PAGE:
TEMPE, Ariz. — When the Cardinals return to the field Sunday at University of Phoenix Stadium to take on the Texans, they will have played just one game in a 24-day span.
The combination of a Thursday game (Oct. 17) against the Seahawks and then their bye week created unusually long periods of rest, allowing banged-up bodies to heal and stressed-out minds to relax.
But the break also afforded the Cardinals a chance for introspection, particularly on offense, where there is plenty to ponder after a disappointing first half.
“I’ve always used bye weeks as a really good chance to self-scout; try to look for things that (opponents) might be looking for and try to do the opposite,” quarterback Carson Palmer said. “I had a chance to go back and really look at third down and red zone and stuff like that you know other teams are watching — look for any tells, any tendencies, and try and improve on that in the second half.”
If the Cardinals are seriously going to challenge for a wild-card spot in the NFC, the offense must be better than it was over the first eight games, when it ranked 29th in the NFL in yards per game (314.5), 18th in passing yards (221.4) and 24th in rushing yards (93.1) while Palmer threw 14 interceptions, the second-highest total in the league.
It’s not as simple as saying it and then doing it, but here are five areas where the offense must improve.
1. Third-down conversions: The Cardinals’ 31.6 percent conversion rate ranks 31st in the 32-team NFL. Coaches always harp on third-down efficiency and red-zone efficiency as key indicators of an offense’s success. There are several factors in the Cardinals’ lack of success, as coach Bruce Arians recently noted: “A conglomeration of mistakes, overthrows, bad balls, dropped passes, guys running wrong routes, not knowing each other quite well enough under some coverages, sacks, pressure.” The Cards have had fewer than four yards to go on just 23 third-down attempts this year, managing a first down on 15 of them (65.2 percent). They have faced between third-and-4 and third-and-6 yards 26 times, converting 12 times (46.2 percent). On third-and-7 to third-and-10, they are 7 for 33 (21.2 percent). They have yet to convert anything longer in 19 chances.
2. Cut back on mental errors: Playing off what Arians said above, the Cardinals have been together long enough now that they shouldn’t be making the same mistakes indicative of a personnel group unfamiliar with one another. Some of Palmer’s interceptions have been due to receivers running the wrong routes, not get the right depth or not reading situations correctly. That can’t happen. Some of the blocking schemes have failed because the offensive line hasn’t had cohesiveness. That has to be limited. Some of Palmer’s interceptions have been thrown because a receiver got bumped off a route or Palmer simply forced the ball where it shouldn’t have gone. His reads have to be better (which goes hand in hand with better protection) and his decision-making has to be better. He’s been in this league too long to make some of the mistakes he’s made. It should be noted that this offense is complex — maybe too complex — but others have managed to run it, so that feels like a hollow excuse.
3. Red-zone execution: In red-zone scoring efficiency (touchdowns and field goals), the Cardinals rank fourth in the NFL, scoring on 90.9 percent of trips inside the 20 (20 of 22). That sounds good, but the Cardinals are only tied for 15th in red-zone touchdown efficiency, scoring TDs on 54.5 percent of their trips inside the 20 (12 of 22), and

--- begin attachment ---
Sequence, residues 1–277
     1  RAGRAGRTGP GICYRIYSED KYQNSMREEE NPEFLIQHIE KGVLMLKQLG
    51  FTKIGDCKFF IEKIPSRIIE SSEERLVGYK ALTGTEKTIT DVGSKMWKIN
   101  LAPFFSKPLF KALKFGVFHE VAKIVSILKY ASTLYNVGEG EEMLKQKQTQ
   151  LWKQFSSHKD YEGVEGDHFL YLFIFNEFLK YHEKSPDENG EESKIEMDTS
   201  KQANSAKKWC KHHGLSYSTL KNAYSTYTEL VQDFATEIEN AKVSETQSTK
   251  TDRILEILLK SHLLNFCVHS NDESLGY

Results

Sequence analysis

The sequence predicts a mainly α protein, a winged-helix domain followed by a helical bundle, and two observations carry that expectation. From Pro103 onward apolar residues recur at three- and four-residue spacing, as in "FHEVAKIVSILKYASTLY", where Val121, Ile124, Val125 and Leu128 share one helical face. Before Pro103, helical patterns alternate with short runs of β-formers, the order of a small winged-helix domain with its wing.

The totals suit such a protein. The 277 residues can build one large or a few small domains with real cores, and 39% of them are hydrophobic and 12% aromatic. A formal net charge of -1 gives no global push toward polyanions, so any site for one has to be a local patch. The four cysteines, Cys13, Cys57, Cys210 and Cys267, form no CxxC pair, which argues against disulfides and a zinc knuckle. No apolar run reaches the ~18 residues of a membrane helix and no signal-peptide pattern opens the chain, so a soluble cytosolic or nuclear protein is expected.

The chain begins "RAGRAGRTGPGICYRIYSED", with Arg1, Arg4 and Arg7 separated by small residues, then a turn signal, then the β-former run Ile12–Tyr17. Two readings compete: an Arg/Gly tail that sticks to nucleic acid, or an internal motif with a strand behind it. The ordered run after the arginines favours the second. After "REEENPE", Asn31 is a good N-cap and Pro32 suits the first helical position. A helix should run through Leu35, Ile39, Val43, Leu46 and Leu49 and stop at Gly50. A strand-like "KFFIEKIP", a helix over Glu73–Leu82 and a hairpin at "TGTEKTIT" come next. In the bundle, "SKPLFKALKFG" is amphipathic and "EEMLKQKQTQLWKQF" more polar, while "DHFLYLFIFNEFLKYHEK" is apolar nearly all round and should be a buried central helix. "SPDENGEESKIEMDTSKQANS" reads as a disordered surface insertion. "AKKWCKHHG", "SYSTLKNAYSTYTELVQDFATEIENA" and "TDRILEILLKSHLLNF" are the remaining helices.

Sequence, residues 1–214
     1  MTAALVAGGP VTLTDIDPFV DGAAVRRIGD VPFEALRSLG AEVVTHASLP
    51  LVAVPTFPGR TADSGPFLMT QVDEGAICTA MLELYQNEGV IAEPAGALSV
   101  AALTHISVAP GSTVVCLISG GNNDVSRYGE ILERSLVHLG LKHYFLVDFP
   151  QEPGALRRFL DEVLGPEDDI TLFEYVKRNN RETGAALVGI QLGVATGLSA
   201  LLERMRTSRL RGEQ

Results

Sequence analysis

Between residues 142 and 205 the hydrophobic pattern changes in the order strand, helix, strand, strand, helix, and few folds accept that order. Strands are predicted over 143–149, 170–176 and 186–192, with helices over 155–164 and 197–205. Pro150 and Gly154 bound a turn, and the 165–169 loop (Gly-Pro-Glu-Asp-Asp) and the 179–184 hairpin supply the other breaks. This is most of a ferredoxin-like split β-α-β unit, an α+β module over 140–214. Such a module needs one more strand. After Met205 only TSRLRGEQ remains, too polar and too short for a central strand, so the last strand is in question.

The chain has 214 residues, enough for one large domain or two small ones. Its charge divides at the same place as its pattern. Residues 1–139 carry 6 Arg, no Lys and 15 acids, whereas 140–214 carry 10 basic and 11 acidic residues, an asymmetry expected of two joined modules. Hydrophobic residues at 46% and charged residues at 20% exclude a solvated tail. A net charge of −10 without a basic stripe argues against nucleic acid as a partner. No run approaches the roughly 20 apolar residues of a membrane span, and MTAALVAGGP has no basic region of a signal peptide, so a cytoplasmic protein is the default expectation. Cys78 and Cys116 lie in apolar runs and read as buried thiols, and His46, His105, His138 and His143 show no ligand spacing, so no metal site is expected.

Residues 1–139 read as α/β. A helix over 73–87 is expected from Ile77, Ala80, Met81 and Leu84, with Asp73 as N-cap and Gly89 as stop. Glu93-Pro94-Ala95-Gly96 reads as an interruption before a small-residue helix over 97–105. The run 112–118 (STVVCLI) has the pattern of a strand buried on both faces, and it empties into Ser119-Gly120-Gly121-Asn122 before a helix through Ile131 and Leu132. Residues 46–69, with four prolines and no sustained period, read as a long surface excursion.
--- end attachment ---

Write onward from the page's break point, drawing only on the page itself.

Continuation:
Palmer’s red-zone passer rating is 65.7, the fourth-worst of any team in the NFL. The good news? The offense has doubled its efficiency in the red zone over the past four games. After scoring four TDs on its first 11 red zone possessions (36.4 percent), Arizona has scored eight TDs on its last 11 possessions inside the 20-yard line (72.7 percent). That trend must continue.
4. Run the ball a little better: Duh. Everyone wants to do this. We’re not saying the Cardinals need to produce like they did against the Falcons, when they had 201 yards on the ground. Nor is running for big yards the indicator it once was of NFL success. But you saw what the real threat of a run did for the passing game against Atlanta. Arizona’s 4.0 yards per carry ranks 18th in the NFL, and its 93.1 yards per game ranks 24th. A slight increase in both numbers would pay positive dividends. Of course, it would help if the Cardinals ran more offensive plays, period, to give them a chance at improvement. They are averaging 61 plays and have run just 492 plays overall, the fourth fewest in the NFL. Which brings us back to those third-down conversions …
5. Break with tendencies: Here’s an example of what Palmer was talking about when he mentioned mixing it up. When the Cardinals have third-and-1 in the red zone, they have run the ball 60 percent of the time. When they have third-and-2, they run 66.7 percent of the time. But when they face third-and-3, third-and-4 or third-and-5, they haven’t run the ball at all. Not once. That’s OK if you’re converting, and we understand the Cards don’t have a big, powerful running back, but if a team knows what’s coming, it’s a lot easier to stop it. Shake it up a little bit.
“Watching the tape, we’re just a hair off on this, a hair off on that,” receiver Larry Fitzgerald said. “Once we get over that hump, we’re really going to be rolling and I’m hoping we can do that this week.”